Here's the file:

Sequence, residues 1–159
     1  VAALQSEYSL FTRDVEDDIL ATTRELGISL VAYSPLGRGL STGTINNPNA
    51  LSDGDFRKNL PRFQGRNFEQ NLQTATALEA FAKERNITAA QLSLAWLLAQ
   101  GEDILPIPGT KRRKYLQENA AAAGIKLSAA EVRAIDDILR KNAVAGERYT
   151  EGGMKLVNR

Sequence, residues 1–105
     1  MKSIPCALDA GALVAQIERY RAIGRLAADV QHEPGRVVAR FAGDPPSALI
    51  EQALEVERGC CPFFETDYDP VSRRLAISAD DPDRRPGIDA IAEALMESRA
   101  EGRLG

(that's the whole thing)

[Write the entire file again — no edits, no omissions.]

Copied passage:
Sequence, residues 1–159
     1  VAALQSEYSL FTRDVEDDIL ATTRELGISL VAYSPLGRGL STGTINNPNA
    51  LSDGDFRKNL PRFQGRNFEQ NLQTATALEA FAKERNITAA QLSLAWLLAQ
   101  GEDILPIPGT KRRKYLQENA AAAGIKLSAA EVRAIDDILR KNAVAGERYT
   151  EGGMKLVNR

Sequence, residues 1–105
     1  MKSIPCALDA GALVAQIERY RAIGRLAADV QHEPGRVVAR FAGDPPSALI
    51  EQALEVERGC CPFFETDYDP VSRRLAISAD DPDRRPGIDA IAEALMESRA
   101  EGRLG